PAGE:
One key subset it those patients who relapse after autologous CAR-T cell therapy. It is not yet clear how best to treat these patients in lymphoma, but allogeneic approaches are considered among the best options in development. Leading US physicians Caron Jacobson (Dana-Farber Cancer Institute) and Frederick Locke (Moffit Cancer Centre) have both recently highlighted the need for clearer options for patient who relapse after an autologous CAR-T cell therapy.
- Quality cells are not available
The quality of the starting material is paramount for autologous cell therapy. In certain cases, patients have already undergone multiple rounds of chemotherapy and may be fragile. In these instances where high-quality cells cannot be obtained, allogeneic provides an alternative route for the most at-risk or urgent cases.
- The current autologous supply chain is too restrictive
Although now over 300 centres across the world can deliver autologous CAR-T cell therapy, the infrastructure for the care continuum is already getting strained despite relatively low numbers of patients treated and products on the market. Bottlenecks have emerged at multiple points of the autologous supply chain, leading to an ongoing game of logistical ‘whack-a-mole’ to tackle limitations in manufacturing capacity, turnaround, scheduling and hospital capacity. Furthermore, global and emerging markets remain largely untouched by CAR-T cell therapy.
Current approvals and pipelines have also stayed within a narrow slice of the disease spectrum, namely haematology. The emergence of cell therapies to treat new disease areas in immunology, cardiology and neurology will demand higher patient volumes and repeat dosing, greatly favouring the relative logistic simplicity of off-the-shelf therapies.
Looking ahead … riding the hype curve.
Tales such as Fate Therapeutics are not the death of a new industry or technology platform, they are its first true reality check.
This moment is the familiar plunge of the technology hype curve, when the peak of inflated expectations (and company valuations) leads to disillusionment and consolidation which eventually paves the way for productive and sustainable progress.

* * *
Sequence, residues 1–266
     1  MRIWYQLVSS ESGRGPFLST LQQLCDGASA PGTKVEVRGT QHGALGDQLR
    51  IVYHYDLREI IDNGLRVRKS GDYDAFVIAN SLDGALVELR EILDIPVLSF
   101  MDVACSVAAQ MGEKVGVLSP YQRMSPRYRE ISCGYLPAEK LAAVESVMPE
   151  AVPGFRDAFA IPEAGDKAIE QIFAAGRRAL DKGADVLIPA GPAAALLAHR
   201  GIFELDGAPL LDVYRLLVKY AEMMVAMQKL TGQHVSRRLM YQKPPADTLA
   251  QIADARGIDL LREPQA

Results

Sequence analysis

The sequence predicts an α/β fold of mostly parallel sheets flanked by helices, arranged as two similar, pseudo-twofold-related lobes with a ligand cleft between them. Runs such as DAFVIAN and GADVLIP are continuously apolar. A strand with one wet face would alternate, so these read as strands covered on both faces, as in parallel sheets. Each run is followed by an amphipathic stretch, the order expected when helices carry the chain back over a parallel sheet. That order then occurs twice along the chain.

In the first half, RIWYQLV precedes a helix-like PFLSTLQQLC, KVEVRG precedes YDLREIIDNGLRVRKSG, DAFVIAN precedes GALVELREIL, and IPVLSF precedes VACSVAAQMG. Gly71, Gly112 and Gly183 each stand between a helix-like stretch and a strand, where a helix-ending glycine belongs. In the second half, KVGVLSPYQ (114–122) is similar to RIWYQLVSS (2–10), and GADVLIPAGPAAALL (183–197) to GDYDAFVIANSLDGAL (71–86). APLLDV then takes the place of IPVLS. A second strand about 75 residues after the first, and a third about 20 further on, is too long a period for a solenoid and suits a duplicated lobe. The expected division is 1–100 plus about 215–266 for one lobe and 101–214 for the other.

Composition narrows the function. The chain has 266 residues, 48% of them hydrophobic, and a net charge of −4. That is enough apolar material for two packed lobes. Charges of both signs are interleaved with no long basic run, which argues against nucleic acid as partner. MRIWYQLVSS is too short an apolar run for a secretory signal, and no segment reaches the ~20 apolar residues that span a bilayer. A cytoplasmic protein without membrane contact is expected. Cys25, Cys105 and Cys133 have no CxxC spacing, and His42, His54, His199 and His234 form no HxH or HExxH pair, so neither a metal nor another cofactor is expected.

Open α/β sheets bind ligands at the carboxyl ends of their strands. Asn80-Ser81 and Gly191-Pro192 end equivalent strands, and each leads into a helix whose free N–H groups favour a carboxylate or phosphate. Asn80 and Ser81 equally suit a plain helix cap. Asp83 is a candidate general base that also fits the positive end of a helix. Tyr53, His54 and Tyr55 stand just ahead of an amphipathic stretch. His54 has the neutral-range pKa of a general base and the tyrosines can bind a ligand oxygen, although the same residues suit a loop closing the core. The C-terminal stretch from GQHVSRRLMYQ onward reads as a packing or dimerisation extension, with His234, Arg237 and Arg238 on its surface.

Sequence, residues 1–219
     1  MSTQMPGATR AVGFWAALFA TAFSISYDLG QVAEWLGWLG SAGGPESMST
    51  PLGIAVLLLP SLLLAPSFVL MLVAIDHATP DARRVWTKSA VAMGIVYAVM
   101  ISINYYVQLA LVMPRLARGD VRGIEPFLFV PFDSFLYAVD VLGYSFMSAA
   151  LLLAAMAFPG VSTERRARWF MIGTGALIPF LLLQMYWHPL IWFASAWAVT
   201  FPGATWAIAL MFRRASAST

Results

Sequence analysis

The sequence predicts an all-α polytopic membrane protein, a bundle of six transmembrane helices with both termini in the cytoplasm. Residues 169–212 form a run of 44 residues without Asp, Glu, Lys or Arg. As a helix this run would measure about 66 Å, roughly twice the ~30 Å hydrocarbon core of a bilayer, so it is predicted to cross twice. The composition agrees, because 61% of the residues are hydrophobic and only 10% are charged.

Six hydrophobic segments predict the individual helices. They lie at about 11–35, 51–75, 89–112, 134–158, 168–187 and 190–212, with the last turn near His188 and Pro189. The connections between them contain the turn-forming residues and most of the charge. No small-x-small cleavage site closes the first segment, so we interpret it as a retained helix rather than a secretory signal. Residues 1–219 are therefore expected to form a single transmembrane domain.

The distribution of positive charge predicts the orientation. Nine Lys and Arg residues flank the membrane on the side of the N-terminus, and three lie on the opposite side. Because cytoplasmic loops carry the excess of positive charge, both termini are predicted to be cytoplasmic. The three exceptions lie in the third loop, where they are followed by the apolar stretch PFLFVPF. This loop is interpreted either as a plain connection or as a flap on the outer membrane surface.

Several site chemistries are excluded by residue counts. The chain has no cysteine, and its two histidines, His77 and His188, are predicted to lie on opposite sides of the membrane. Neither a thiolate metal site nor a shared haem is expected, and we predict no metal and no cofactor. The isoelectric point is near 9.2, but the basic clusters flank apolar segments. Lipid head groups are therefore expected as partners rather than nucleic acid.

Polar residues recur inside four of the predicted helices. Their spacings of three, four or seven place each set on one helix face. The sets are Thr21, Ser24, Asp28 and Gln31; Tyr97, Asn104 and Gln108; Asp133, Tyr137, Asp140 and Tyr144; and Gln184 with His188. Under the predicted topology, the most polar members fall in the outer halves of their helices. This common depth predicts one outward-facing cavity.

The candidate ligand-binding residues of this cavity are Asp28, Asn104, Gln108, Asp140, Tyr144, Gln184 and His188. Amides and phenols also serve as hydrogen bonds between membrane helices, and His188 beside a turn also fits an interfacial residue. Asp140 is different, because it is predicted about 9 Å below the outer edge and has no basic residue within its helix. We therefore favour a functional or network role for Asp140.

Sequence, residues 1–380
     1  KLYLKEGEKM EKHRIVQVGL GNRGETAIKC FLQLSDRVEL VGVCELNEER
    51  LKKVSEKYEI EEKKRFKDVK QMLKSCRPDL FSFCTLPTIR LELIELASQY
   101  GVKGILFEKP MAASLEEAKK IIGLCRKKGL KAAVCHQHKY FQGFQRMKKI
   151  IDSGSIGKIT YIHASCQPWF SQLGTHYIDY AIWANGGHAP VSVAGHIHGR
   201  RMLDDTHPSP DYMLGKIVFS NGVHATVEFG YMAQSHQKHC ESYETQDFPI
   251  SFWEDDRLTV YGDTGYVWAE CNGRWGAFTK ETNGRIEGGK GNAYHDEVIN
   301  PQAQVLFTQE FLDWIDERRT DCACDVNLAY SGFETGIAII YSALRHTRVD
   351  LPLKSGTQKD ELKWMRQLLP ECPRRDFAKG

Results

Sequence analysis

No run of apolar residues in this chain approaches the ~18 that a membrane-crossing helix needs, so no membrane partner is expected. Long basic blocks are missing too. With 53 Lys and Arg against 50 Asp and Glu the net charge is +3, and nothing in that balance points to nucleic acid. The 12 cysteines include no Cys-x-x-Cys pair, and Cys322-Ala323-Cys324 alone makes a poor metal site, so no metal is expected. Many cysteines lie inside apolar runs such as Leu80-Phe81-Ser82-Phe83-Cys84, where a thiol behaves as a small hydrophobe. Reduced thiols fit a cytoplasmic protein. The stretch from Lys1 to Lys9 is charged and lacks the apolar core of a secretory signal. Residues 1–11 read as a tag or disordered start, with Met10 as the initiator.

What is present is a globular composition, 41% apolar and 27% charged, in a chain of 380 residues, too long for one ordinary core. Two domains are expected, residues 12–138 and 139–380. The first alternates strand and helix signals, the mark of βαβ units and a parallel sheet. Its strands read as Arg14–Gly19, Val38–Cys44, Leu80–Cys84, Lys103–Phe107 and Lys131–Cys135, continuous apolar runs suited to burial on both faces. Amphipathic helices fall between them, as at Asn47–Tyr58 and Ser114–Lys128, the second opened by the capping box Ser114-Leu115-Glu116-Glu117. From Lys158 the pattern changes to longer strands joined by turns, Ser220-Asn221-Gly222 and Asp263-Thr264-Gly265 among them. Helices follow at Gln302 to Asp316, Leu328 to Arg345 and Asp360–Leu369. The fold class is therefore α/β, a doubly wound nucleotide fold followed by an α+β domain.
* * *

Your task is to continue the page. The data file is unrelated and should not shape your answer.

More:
Allogeneic will not be last to face this ride either. Additional approaches are also in development.
Manufacturing autologous cell therapies at the point-of-care (POC) is gaining speed, championed by companies such as Miltenyi Biotech, Lonza, SQZ Biotech, Orgenesis and Ori Biotech. Alternatively, in vivo generation of CAR cells could eliminate the need for gene editing of immune cells outside the body altogether. This approach also has its challenges, but offers the potential to combine some of the benefits of both autologous and allogeneic cell therapies.
It is only a matter of time before allogeneic developers solve the durability challenge.
Allogeneic developers should take inspiration from the success of autologous therapies, and the pace at which scientific challenges have been overcome. For context, the first autologous CAR built to target CD19 was developed in 2003 and it would be 14 years before Kymriah was finally approved. Comparatively, the allogeneic cell therapies have only undergone significant clinical testing since 2020.
Furthermore, despite graft versus host disease (GVHD) being a major stumbling block for early allogeneic therapies, after the discovery of the major role TRAC KO plays in preventing GVHD there has been no GVHD cases reported in recent data releases at ASH 2022.
More failures please.
Tales such as Fate Therapeutics should not deter the development of allogeneic therapies. On the contrary, they should be seen as the signs of a hard-fought learnings which must accompany a frightening pace of innovation.